Professor Elliott Published in Nature Communications: Enzymatic Discovery Cools a ‘Hot’ Intermediary
Enzymatic Discovery Cools a ‘Hot’ Intermediary
In the world around us enzymes perform the wizardry of allowing reactions that should occur, to do so in a timely fashion. Enzymes that transform hydrogen peroxide often generate a highly reactive, ‘hot’ intermediate along the way, which will transform another molecule in a startling feat of chemistry. In a recent research study a team from Boston University, MIT and Carnegie Mellon University has found that one such reactant generated by a bacterial enzyme can be ‘cooler’ than thought previously.
In the March 7, 2019, Nature Communications report, the team has discovered a new class of peroxide-transforming enzyme that is found widely in bacterial organisms. Through their studies of one family member, called BthA, they have learned that the ‘hot’ intermediates produced by enzymes like BthA have diverse properties, which will hopefully lead to further discoveries in biological chemistry.
Enzymes like BthA are referred to as diheme peroxidases, which make use of two natural heme iron cofactors that talk to each other, in terms of how they share their own electrons. Previous studies have found that enzymes like BthA produce highly reactive states where both irons share electron via pathway provided by a conserved amino acid residue, called Tryptophan.
By combining methods of biochemistry, electrochemisty and spectroscopy, Kimberly Rizzolo and Prof. Sean Elliott (Boston University) worked with Andrew Weitz and Prof. Michael Hendrich (CMU) using Electron Paramagnetic Resonance and Mössbauer spectroscopies in order to demonstrate that BthA would produce the same fierce oxidant that has been reported. Stunningly, they found that the ‘hot’ state persists for over an hour, instead of rapidly quenching like something reactive should.
Extending these efforts with X-ray crystallography, the BU team paired with Steve Cohen and Prof. Catherine L. Drennan (MIT/HHMI) to solve the structure of BthA. Through that molecular view,, it is clear that Nature has changed the way in which the two heme irons of BthA talk to one another, substituting the native Tryptophan for a different amino acid residue. That change lets the chemical equivalent of napalm persist in the enzyme, until it is quenched.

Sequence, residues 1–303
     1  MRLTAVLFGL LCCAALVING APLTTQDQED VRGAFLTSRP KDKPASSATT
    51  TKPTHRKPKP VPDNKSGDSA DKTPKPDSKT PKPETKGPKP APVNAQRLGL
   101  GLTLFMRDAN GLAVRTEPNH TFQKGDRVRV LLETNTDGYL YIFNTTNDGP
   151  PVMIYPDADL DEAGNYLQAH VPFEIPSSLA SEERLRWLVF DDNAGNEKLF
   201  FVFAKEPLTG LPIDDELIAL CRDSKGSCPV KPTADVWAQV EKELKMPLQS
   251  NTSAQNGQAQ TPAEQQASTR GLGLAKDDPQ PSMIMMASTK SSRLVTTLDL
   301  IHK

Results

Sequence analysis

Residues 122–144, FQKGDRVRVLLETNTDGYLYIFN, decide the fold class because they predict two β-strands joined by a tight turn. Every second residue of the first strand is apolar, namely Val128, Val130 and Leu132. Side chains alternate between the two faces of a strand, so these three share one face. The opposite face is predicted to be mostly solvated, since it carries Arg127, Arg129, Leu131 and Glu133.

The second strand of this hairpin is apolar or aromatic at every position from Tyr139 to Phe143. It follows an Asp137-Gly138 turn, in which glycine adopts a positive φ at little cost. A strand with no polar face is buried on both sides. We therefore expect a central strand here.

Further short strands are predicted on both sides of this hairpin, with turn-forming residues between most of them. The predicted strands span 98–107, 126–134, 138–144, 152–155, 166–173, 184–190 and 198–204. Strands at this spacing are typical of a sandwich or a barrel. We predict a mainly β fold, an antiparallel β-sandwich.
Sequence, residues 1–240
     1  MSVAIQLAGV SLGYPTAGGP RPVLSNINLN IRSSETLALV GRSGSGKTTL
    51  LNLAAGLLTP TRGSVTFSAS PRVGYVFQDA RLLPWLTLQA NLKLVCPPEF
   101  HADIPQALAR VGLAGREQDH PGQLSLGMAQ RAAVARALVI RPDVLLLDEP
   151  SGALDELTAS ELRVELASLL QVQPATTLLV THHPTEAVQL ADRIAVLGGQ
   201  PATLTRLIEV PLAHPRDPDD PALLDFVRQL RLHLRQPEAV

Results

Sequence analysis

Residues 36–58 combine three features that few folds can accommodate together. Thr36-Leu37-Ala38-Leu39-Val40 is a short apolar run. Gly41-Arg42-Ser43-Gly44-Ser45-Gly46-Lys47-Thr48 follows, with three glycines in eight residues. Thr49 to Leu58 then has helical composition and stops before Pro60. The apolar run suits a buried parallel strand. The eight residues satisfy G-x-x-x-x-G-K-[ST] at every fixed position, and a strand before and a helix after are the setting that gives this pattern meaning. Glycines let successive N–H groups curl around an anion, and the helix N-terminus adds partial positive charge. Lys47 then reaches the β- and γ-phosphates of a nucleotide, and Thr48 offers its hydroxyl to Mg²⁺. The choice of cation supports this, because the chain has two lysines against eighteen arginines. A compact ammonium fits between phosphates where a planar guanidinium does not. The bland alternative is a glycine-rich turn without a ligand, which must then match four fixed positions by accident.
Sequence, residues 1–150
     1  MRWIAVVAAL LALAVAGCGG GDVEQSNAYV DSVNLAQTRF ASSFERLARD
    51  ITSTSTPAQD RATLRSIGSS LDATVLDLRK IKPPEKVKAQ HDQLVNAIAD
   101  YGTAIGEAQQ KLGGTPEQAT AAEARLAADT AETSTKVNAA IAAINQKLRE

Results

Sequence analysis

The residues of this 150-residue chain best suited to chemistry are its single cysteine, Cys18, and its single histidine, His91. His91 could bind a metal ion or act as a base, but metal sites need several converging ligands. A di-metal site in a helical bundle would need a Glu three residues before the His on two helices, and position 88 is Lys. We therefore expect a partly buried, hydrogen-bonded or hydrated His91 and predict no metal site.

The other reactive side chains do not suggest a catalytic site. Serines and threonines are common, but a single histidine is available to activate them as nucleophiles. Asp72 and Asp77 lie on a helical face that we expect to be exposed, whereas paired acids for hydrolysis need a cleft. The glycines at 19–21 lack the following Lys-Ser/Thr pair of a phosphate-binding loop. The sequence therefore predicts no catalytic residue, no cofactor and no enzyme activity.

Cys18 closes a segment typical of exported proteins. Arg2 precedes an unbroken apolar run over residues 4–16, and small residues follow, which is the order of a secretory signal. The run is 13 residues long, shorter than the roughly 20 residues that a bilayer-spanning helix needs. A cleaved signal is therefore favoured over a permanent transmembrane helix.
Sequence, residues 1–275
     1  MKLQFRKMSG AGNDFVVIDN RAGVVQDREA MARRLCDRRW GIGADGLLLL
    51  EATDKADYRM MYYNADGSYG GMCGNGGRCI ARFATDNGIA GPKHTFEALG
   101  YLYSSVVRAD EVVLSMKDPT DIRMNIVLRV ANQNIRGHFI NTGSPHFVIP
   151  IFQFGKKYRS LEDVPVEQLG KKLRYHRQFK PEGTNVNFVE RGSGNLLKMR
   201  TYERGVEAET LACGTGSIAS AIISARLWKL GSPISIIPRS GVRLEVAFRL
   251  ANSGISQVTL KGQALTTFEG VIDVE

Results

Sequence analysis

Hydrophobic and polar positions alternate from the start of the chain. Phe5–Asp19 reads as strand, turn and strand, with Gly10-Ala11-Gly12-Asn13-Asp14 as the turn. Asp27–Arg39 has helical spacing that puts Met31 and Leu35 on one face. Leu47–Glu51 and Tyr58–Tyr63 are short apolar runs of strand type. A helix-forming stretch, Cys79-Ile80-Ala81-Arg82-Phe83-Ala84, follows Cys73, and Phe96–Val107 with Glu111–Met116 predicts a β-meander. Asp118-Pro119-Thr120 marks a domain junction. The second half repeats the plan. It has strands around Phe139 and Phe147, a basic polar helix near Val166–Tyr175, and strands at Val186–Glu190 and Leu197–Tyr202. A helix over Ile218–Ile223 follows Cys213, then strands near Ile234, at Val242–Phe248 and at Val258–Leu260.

“The work illustrates how if we look at the microbial world, enzyme continue to surprise us with how inventive they can be with chemical transformations,” says Sean Elliott. “If we can understanding the wiring, we’ll be able to re-wire these catalysts to do the reactions we need them for.”
Further Information: The research was funded by the National Institutes for Health (National Institute for General Medical Sciences), the Howard Hughes Medical Institute, the Canadian Institute for Advanced Research, and the Department of Energy.
CONTACT INFORMATION: Sean J. Elliott, elliott @ bu.edu, 617-358-2816, Boston University.
PUBLICATION: Rizzolo K, Cohen SE, Weitz AC, López Muñoz MM, Hendrich MP, Drennan CL, Elliott SJ. “A widely distributed diheme enzyme from Burkholderia that displays an atypically stable bis-Fe(IV) state”, Nature Communications, 7 March, 2019. DOI: 10.1038/s41467-019-09020-4.
EMBARGO INFORMATION: The manuscript is currently under embargo by Nature Communications, the publication date is 7 March 2019.
PUBLICATION LINK: https://www.nature.com/articles/s41467-019-09020-4